and h1(n)*h2(n) = h2 (n)*h1(n).

More precisely, we obtain:

The difference equation related to the links T1[T2[.]] and T2[T1[.]] then equals:

Figure 6.3. Amplitude diagram of the transformation T1[T2[.]]

Now we consider the link T2[.] + T1[.]. We see that the transfer function satisfies the identity:

The corresponding impulse response is h1+2 (n) = δ(n).

6.1.2. Zero-loss and all-pass filters

A linear filter is a zero-loss filter if the energy of the signal is conserved during filtering for all input signals. This means we have:

Therefore, the energies of the input signals x(k) and the output signals y(k) can be calculated in the frequential domain using Parseval's theorem. We thus have:

and

According to equations (6.5) and (6.6), a linear filter is zero-loss if we have:

We assume the filter is stable. So that equation (6.7) is verified for all input signals x(k), we must have, with the possible exception of a finite number of responses, for all frequency values:

A zero-loss filter that is stable and of finite order is thus an all-pass filter of unity gain.

The simplest all-pass filters are FIR filters such as H(z) = ±l or H(z) = ±zm. For IIR type filters, the most general expression of the transfer function of a causal all-pass filter is:

where a*k designates the conjugate of ak.

EXAMPLE 6.1.– we assume that the coefficients ak are real.

Since the filter is stable, the poles are inside the unity circle in the complex z-plane. The zeros are then necessarily outside the unity circle.

Figure 6.4. Diagram of poles and zeros for an all-pass filter

6.1.3. Minimum-phase filters

6.1.3.1. Problem

Here we look at a filter represented by its transfer function H(z). We use the input x(k) and try to characterize the output y(k).

Figure 6.5. Filtering of input x(k)

However, now we assume that we use the output y(k) and that H(z) is known. We can then determine the z-transform of x(k) as follows:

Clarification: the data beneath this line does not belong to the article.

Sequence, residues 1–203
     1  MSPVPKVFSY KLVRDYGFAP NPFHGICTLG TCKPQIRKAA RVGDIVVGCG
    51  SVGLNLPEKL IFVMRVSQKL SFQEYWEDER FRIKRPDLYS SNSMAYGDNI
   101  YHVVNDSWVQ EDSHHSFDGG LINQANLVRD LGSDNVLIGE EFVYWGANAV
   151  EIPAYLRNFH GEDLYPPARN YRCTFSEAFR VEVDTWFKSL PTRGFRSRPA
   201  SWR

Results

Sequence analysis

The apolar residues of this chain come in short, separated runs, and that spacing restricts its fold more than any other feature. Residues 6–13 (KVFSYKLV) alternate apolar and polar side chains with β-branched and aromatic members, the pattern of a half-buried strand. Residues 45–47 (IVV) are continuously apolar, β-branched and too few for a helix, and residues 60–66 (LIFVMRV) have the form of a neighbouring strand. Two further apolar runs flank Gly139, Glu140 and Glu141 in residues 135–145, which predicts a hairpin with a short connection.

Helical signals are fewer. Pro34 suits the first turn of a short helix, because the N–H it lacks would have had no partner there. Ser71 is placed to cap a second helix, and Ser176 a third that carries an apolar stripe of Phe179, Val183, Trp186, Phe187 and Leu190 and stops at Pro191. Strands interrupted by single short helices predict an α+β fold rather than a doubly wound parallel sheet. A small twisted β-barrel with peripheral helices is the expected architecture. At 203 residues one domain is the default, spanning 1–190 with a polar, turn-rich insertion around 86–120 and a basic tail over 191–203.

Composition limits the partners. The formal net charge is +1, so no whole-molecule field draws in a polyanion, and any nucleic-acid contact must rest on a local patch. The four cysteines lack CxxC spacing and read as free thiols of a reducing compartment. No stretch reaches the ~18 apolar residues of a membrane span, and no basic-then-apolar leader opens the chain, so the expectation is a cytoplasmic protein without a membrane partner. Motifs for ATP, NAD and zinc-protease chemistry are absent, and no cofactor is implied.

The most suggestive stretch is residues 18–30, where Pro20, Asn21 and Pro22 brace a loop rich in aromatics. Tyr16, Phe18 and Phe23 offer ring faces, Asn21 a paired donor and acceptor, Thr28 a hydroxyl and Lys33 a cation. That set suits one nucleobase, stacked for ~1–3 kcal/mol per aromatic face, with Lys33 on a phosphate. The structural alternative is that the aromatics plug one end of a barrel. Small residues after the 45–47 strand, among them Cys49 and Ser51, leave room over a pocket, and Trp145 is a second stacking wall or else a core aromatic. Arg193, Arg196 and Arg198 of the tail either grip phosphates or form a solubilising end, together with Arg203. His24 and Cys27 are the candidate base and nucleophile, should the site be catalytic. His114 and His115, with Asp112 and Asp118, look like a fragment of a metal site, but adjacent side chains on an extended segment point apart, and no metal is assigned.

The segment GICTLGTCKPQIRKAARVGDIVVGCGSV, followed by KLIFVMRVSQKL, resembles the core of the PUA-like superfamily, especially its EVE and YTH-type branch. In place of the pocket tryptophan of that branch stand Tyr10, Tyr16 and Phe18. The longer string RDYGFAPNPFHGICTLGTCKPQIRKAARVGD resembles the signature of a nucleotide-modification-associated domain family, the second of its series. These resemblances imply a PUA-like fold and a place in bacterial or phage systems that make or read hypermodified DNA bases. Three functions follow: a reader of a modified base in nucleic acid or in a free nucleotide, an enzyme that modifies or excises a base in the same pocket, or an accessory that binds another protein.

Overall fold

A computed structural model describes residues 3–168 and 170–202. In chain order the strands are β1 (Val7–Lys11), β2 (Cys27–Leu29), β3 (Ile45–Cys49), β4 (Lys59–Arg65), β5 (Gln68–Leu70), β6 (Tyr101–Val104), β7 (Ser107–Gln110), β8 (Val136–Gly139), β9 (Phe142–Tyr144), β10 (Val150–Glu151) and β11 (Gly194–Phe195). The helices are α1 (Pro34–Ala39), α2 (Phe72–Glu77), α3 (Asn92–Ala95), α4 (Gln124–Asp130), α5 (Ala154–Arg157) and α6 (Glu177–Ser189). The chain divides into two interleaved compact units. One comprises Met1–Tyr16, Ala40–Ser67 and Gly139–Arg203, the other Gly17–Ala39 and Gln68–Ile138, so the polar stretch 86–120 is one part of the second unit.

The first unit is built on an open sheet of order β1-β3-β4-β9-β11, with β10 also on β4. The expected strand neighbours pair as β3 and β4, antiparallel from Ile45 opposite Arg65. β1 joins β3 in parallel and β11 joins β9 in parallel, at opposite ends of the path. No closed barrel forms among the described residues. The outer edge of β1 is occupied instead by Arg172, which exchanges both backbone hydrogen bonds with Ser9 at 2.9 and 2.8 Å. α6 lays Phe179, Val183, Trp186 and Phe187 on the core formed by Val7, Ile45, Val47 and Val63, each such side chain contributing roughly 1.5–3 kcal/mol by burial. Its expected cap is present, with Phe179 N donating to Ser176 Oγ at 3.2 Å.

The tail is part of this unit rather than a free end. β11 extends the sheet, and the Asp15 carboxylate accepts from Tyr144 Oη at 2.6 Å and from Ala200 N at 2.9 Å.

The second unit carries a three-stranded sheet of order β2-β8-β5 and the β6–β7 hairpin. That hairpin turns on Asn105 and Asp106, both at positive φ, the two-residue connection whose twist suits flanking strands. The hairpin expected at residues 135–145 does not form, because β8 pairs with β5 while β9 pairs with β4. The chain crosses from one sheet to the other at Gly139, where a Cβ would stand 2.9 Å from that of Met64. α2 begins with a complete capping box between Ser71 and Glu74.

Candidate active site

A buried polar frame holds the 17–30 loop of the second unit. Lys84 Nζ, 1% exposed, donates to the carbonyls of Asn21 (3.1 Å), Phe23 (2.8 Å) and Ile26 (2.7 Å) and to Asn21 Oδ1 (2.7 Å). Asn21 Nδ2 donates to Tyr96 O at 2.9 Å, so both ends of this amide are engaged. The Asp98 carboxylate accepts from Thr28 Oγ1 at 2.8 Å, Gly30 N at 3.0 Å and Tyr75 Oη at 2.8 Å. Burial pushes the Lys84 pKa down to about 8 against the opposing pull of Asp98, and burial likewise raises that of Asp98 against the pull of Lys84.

Figure 6.6. Inversion or deconvolution

The operation of the change from , called deconvolution, is only possible if is stable; that is, if all the zeros of H(z) that have become poles of inside the unity disk.

At this point, the following question arises: can we bring the zeros that are outside the unity circle to the inside of the circle? The answer is discussed in the following section.

6.1.3.2 Stabilizing inverse filters

We say that a minimal phase, causal filter is stable whose transfer function zeros are inside or on the unity circle. This kind of filter presents a minimum group delay in the ensemble of filters having the same transfer function module, no matter what z is in the z-plane.

Let a filter be characterized by its transfer function H(z). Let Hint(z) be the transfer function constructed from the poles and the zeros of H(z) situated in the unity disk and Hext(z) the transfer function constructed from the zeros of H(z) situated outside the unity disk. We then obtain the following decomposition of H(z):

This decomposition can develop in the same way by introducing , the inverse of the conjugate of zi

The zeros of H1(z) all being inside the unity circle since is at minimum phase. In addition, . Indeed, we have:

Consequently, we can always decompose a filter into a minimum phase and all-pass filter. We thus have:

Since we have:

Then from equation (6.14), we get:

and by deriving equation (6.16) In relation to the frequency on the interval we get:

Now, we can demonstrate by using equation (6.12) that:

We then have:

In Chapter 4, we introduced the concept of group delay, represented as follows:

Using equations (4.73) and (6.19), we conclude that:

Consequently, a minimum phase filter is a filter whose group delay is the lowest among causal and stable filters with the same transfer function module throughout f.